When you’re an employer, you want the best for your business, but sometimes that means dealing with personal issues or crises that your employees might have.
Yes, you want your employees productive and working at a peak level, but life happens.
There are a lot of reasons your employee could be facing a personal emergency or crisis.
For example, maybe they or a loved one was hurt in a car accident, suffered a serious illness, or has something like a divorce happening.
It’s inevitable that your employees will face a personal crisis at some point, and the same can be said of you.
Whatever it is, you want to deal with these personal situations with a human element while also remember your goal of running a successful business.
The following are things to keep in mind.
The most important thing you can do if your employee is facing a challenging situation is to be compassionate.
Give them your attention when they’re telling you what’s happening, and be empathetic when listening, but don’t get too personal.
You’re not a therapist, so you don’t have to behave like one.
You also need to make sure that while you’re sensitive, you’re mindful of maintaining professional boundaries.
Come Up With Some Options and Create a Plan
Once you’ve spoken with your employee about what’s going on, you might want to take some time and think about what the options can be to keep your business operating smoothly while considering that they may need flexibility.
Consider what your needs are as a business owner, balanced with their personal needs.
Create a few potential options that you can present to them, and then you can talk to them and come up with a plan.
For example, maybe flexibility in their schedule for the next few weeks will be adequate, without the employee having to take too much time off.
Once you have a game plan and you have an idea of how much time the person may need off or what is going to change for the short-term you can start developing a specific plan to fill in the gaps.
While it’s not up to you to completely solve whatever your employee is going through, as a good leader, you do want to offer a reasonable level of assistance.
You don’t want someone who is already experiencing a challenging situation to then fear they’re going to lose their job.
Regardless of what your employee thinks they’re going to need, it’s a good idea as the boss to plan for the worst-case scenario, because they may need more time off than they think for example.
Someone in a crisis who’s fearful about losing their job might also tend to promise more than what they can ultimately deliver.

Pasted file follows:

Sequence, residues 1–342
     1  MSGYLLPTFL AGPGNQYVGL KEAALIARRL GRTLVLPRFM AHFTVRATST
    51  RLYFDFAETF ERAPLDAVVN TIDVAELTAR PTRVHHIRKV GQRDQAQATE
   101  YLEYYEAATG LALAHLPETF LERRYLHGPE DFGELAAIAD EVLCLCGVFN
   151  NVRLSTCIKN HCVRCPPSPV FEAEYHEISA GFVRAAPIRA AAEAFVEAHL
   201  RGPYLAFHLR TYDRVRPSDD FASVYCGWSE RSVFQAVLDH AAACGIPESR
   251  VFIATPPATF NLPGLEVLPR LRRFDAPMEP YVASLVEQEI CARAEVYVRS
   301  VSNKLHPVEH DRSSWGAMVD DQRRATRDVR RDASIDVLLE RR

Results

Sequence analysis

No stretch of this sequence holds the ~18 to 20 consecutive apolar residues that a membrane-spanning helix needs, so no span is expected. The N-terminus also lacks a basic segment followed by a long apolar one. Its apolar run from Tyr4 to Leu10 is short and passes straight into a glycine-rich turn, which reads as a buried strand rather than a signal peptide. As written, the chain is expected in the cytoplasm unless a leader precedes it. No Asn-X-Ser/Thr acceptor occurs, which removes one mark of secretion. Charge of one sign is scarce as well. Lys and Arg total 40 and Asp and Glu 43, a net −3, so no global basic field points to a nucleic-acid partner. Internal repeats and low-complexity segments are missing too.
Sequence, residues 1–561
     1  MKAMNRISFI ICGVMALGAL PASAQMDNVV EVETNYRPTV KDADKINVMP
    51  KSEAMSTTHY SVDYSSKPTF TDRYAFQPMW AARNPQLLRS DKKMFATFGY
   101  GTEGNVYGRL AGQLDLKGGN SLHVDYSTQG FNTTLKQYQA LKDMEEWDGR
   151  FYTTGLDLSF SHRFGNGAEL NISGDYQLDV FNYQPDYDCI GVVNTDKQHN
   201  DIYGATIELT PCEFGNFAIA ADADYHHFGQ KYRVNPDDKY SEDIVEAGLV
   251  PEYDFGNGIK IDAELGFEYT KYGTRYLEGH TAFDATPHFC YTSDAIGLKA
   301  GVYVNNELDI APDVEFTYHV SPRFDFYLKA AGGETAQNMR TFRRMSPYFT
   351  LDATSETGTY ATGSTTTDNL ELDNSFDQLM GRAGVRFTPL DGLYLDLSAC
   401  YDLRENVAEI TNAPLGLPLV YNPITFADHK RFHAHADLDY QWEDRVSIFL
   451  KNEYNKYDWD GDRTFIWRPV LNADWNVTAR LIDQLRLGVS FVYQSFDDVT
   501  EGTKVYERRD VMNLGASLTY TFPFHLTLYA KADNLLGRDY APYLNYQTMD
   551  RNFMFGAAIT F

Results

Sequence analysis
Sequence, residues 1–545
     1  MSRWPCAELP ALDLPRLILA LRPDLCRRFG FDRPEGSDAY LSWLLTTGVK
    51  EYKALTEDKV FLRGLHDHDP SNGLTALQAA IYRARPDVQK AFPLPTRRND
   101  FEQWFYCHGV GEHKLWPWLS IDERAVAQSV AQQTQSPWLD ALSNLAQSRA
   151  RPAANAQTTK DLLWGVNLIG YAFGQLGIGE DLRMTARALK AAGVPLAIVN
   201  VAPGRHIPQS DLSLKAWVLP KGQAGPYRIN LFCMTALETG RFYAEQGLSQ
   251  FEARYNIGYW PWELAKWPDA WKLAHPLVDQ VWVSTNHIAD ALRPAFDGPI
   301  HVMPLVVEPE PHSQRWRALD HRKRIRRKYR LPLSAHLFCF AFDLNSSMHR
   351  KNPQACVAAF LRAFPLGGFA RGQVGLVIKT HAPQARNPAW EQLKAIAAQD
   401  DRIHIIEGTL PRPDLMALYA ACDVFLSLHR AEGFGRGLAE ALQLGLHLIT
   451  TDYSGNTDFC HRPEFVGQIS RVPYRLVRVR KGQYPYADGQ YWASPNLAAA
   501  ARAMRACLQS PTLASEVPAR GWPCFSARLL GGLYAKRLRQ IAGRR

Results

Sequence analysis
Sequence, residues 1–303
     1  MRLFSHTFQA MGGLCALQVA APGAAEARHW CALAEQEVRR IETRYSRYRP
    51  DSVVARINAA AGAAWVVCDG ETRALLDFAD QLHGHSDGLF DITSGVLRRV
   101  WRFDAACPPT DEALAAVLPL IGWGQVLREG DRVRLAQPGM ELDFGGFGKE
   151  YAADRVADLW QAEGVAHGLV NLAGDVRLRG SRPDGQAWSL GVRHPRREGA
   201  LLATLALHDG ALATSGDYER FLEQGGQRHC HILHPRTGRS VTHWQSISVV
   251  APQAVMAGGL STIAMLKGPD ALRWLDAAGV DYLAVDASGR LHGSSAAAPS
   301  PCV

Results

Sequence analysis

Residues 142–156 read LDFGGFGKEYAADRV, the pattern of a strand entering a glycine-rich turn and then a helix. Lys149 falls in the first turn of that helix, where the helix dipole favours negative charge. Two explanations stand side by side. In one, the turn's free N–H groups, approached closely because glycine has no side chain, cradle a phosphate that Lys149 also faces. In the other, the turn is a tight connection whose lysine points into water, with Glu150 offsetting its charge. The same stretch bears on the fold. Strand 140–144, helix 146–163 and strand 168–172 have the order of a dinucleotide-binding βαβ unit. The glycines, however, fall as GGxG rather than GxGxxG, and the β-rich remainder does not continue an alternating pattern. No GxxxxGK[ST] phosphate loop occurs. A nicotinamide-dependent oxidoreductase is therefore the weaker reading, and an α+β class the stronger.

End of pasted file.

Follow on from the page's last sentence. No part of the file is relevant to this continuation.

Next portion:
Talk to Everyone Else on the Team
Everyone is going to be impacted if someone on your team isn’t going to be able to pull their weight as they do normally. Ask your employee what they’re comfortable with you sharing.
It may be that want little shared about their situation, so respect that but still keep all your employees in the loop as far as what might change, the possible timeline, and what you expect of them during this time.
You should be sensitive to what your other employees are going through and appreciative when they step up to the plate in different ways.
For example, maybe you host a catered lunch at some point to show everyone that you recognize and appreciate them picking up the slack for their coworker.
When your employee is facing a challenging time, once you have the logistics sorted out, remember to check in on them regularly. Send a quick email and let them know you’re thinking about them.
You want to be present and let your employee know you are available without prying or being too intrusive.
While you’re checking in to see how the employee is doing, you may need to check-in and see if your plan needs to be updated as far as their return to a normal schedule. You’ll need to make sure you don’t need to make adjustments.
Overall, the most important thing to remember is that while you should be compassionate, you are not a therapist.
You can be someone who respects the human side of being in a crisis without going too far.
You also have to remember the rest of your business and your employees still need you to remain neutral, fair, and consistent in how you treat everyone.
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